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Sweden is often praised as the utopia of equality and in some aspects, yes, Sweden has come a very long way and is by far much more equal than many other countries. Swedish women have the same rights as Swedish men. We have laws concerning equality (jämställdhet) in the working life, we have an Equal Opportunities Ombudsman (JÄMO), we have paternity leave (pappaledighet), we have an almost 50/50 government (although we have never had a female prime minister). But – it’s far from perfect up there. So, the simple answer to the question above is no. Sweden is not an equal country and won’t be as long as the statistics show the following:
* Swedish women on average earn 84,2 percent as much as men. Thirty years ago, this probably could be blamed on the fact that women normally had less education then men, but today, there are more women than men studying at the University. Also, in female dominated professions (kvinnodominerande yrken), salaries are generally lower.
* If you were to take a close look at the 50 biggest companies in Sweden, you would find only ONE female director. The boards consist of 79 percent men.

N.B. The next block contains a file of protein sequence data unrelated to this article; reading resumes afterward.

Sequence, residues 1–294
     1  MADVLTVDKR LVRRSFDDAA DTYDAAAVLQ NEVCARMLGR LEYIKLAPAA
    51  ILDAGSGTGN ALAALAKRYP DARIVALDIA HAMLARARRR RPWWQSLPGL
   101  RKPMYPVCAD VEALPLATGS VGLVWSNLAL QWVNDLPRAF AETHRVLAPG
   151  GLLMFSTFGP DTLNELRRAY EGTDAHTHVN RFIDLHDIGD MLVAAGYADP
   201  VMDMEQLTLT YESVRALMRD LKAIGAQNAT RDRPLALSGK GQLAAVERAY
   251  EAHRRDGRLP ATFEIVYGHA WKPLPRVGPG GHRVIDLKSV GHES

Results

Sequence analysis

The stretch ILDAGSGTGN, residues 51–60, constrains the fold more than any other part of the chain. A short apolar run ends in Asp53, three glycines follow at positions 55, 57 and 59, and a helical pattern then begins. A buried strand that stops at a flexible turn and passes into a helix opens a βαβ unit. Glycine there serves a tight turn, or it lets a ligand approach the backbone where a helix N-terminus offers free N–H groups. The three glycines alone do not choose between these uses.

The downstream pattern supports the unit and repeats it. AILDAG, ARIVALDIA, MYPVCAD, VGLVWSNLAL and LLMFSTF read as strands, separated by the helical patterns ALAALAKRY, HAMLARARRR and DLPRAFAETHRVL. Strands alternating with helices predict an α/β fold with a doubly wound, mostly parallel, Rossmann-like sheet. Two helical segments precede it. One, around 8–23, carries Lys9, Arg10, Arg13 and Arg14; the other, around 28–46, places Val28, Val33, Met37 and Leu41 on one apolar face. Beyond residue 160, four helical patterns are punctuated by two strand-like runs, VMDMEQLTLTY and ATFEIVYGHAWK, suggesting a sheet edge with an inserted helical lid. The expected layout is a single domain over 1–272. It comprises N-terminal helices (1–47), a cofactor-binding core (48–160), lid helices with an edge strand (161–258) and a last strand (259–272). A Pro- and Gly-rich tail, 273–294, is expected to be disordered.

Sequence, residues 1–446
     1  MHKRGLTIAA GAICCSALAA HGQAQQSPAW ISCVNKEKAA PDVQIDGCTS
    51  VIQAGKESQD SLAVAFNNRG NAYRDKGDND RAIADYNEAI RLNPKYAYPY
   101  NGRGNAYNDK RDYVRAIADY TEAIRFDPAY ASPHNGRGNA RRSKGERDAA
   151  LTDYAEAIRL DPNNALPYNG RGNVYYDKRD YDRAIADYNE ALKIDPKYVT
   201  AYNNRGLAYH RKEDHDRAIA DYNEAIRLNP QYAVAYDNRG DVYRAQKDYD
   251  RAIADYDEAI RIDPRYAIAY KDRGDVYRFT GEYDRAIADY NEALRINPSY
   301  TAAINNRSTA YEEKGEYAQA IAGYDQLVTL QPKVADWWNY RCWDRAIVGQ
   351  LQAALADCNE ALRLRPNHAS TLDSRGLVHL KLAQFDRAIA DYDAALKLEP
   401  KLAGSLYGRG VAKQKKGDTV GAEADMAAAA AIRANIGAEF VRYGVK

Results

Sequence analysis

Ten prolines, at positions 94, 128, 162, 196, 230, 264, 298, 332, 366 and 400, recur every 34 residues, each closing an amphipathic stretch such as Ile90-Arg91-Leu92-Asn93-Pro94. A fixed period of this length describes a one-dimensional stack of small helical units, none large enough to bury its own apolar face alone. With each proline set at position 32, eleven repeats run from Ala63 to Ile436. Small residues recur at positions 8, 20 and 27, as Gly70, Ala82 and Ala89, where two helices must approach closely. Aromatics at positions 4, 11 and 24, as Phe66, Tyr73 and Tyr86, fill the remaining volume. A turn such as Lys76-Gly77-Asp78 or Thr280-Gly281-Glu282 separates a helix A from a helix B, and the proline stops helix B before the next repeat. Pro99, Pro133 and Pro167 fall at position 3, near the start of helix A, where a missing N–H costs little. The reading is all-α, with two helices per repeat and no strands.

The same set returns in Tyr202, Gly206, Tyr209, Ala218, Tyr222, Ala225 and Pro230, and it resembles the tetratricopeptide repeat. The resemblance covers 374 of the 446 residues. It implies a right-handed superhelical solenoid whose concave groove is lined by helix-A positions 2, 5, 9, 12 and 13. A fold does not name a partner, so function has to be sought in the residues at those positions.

* Even though Swedish men can take paternity leave and the mum and dad can divide the days between them as they like – nearly 80 percent of the days are taken by women.
* During one week, Swedish men do 20 hours of chores around the house. Women do 28.
* Almost every other Swedish woman (46 percent) over 15 has been threatened and abused by a man.
Four years ago, the Swedish government set up a goal in order to make society more equal; Women and men shall have the same power to form the society and to form their own lives. In order to achieve this, women and men must have the same rights, possibilities and obligations within all aspects of life. Great goal, isn’t it? Four years on, we are not exactly there. And let’s be honest, we probably won’t be there in four years time either. Not in Sweden, not anywhere. But baby steps are taken all across the globe and hey, Kathryn Bigelow did win an Oscar yesterday, the first female director ever to get one… There might be hope, after all.
Happy International Women’s Day, whereever in the world you are!